Carnival's P&O will open up cruises for vaccinated Brits

Saleha Riaz
·5-min read
P&O President Paul Ludlow said:
P&O President Paul Ludlow said: "To be able to have a restorative and relaxing break, sit on deck with a sea view in the summer sunshine and then enjoy an indulgent dinner and show – it's certainly what we all need this year." Photo: Getty Images

P&O Cruises will be offering journeys to Britons around the UK coast this summer, but only for those who have received their coronavirus vaccinations.

“Given the advanced progress of the UK vaccination programme, and strong expressed preference on the part of our guests for this limited series of UK coastal cruises, these sailings on Britannia and Iona will be for UK resident COVID-19 vaccinated guests only,” the company, owned by Carnival (CCL.L), said in a statement.

Cruises will depart from Southampton between June and September. There will be a series of three and four night breaks on its Britannia ship this summer, with prices starting from £449 ($624) per head, and week-long cruises on a new ship called Iona. Those will start at £1,199 per person.

"For these cruises, the definition of 'vaccinated' is a minimum of seven days following the second dose of the currently approved COVID-19 vaccines being administered," it added.

Watch: Vaccine passport may be advisable says business secretary

On top of that, all guests and crew will be required to follow “enhanced” health and wellbeing measures.

The company said these were developed with guidance from its global medical and public health experts and scientists and in close coordination with UK government agencies.

These protocols include enhanced sanitation measures, social distancing and the wearing of masks in certain areas of the ship.

Carnival shares fell 2% in mid-afternoon trade in London.

Carnival's stock performance in the past month. Chart: Yahoo Finance
Carnival's stock performance in the past month. Chart: Yahoo Finance

The crew will also undergo a testing and quarantine regime as well as regular testing while on on board.

Travel insurance will be mandatory for all guests. It must include medical and repatriation cover of £2m minimum that includes medical expenses related to COVID-19.

READ MORE: UK domestic cruises could resume in May

P&O President Paul Ludlow said: "As we have spent the majority of the last year at home, to be able to have a restorative and relaxing break, sit on deck with a sea view in the summer sunshine and then enjoy an indulgent dinner and show – it's certainly what we all need this year and we cannot wait to have our guests back on board."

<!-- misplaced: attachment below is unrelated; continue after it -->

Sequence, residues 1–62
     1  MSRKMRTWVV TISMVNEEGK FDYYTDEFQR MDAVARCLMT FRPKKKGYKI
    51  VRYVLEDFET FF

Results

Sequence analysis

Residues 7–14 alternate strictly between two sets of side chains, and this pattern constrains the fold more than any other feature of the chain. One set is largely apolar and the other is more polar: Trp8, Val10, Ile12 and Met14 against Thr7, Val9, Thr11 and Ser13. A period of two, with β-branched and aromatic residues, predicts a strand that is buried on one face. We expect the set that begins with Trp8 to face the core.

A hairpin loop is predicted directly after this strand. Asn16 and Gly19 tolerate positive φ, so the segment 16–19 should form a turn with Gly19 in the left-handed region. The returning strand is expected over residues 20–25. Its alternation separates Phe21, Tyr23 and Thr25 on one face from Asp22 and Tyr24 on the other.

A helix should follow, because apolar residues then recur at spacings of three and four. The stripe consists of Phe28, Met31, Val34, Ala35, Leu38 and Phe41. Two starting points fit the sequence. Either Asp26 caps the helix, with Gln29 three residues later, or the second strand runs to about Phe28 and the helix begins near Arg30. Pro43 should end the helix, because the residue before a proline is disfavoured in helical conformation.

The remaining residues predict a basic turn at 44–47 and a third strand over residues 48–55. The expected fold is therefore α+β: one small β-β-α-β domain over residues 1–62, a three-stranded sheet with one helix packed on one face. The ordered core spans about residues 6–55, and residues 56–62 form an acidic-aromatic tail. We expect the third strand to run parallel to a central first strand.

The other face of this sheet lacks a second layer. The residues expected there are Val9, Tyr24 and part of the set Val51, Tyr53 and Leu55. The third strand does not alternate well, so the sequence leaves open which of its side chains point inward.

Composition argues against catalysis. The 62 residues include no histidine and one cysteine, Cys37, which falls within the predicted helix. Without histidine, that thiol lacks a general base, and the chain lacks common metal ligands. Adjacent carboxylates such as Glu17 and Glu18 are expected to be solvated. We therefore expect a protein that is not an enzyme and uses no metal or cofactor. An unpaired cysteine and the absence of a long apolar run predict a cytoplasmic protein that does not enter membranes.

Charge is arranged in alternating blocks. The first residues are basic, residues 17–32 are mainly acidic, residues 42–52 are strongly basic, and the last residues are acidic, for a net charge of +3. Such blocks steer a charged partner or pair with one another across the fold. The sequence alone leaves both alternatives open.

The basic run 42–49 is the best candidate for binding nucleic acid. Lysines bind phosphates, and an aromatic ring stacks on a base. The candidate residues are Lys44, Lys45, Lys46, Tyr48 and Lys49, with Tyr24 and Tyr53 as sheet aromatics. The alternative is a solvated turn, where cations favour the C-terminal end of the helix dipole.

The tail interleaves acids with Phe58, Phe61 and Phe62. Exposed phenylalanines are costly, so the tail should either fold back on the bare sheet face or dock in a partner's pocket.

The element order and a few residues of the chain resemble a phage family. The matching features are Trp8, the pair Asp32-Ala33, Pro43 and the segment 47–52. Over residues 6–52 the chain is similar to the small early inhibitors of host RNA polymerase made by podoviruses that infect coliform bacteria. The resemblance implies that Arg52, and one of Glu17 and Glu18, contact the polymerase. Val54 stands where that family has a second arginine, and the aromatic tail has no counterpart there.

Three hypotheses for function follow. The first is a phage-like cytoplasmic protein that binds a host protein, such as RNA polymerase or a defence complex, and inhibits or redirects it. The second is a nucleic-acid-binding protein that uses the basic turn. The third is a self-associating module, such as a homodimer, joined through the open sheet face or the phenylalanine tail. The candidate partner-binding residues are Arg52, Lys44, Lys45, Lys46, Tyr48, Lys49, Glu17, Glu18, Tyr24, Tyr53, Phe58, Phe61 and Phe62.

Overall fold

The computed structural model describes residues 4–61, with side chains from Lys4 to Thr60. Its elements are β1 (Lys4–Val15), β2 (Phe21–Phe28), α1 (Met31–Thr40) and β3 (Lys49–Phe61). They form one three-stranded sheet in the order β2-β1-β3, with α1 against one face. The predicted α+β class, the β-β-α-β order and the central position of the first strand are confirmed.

The cruises go on sale on Monday March 22, 2021.

Proof of vaccination and the dates given will be required, and approved forms of evidence will be confirmed closer to time of departure.

This documentation will be required to be shown at the terminal prior to boarding.

All guests of all ages must meet the requirements of the vaccination policy, the company said, and added that all other P&O Cruises holidays currently on sale do not require guests to be vaccinated.

For those who are unsure about when they will be comfortable with traveling or when they will be vaccinated, bookings may be changed as many times as they like, free of charge up to 30 days before the holiday departs.

Earlier this month, UK maritime minister Robert Courts said domestic cruises in Britain could restart from 17 May.

Courts told MPs that the government was working with the home nations to get UK-wide domestic cruising up and running.

He said the move would help the cruise sector restore confidence and demonstrate the robustness of their new COVID protocols for passengers and crew.

Watch: Should I book a holiday in 2021?

The date is the earliest in which foreign and domestic holidays can resume under prime minister Boris Johnson’s roadmap out of the country’s third national lockdown.

Johnson said a government taskforce will produce a report by 12 April which will recommend how international trips can resume for people in England. This could lead to foreign holidays being allowed by 17 May.

The news had buoyed travel stocks at the time, as the industry saw a bump in demand.

The cruise sector was hit by bad news very early on when the pandemic began. According to a report in the Washington Post in April 2020, "a review of cruise line statements, government announcements and media reports found that the coronavirus infected passengers and crew on at least 55 ships that sailed in the waters off nearly every continent, about a fifth of the total global fleet."

"The industry’s decision to keep sailing for weeks after the coronavirus was first detected in early February on a cruise ship off the coast of Japan, despite the efforts by top U.S. health officials to curtail voyages, was among a number of decisions that health experts and passengers say contributed to the mounting toll," it had noted at the time.

The travel sector in general, hit badly by the pandemic, is working hard to get up and running in time for summer with COVID-19 protocols in place. British Airways (IAG.L) recently said it will introduce digital global vaccine passports in time for the planned reopening of international travel.

Meanwhile, the UK is on track to give half of all adults a first dose of the coronavirus vaccine by the end of the week.

The latest figures show 24,453,221 people had received a first dose as of Sunday. Last week, 2,075,966 first doses were issued, with 512,108 on Saturday alone.

The pace of the vaccine rollout is expected to pick up considerably in the coming days because of increased supplies of the jab.

Watch: How England will leave lockdown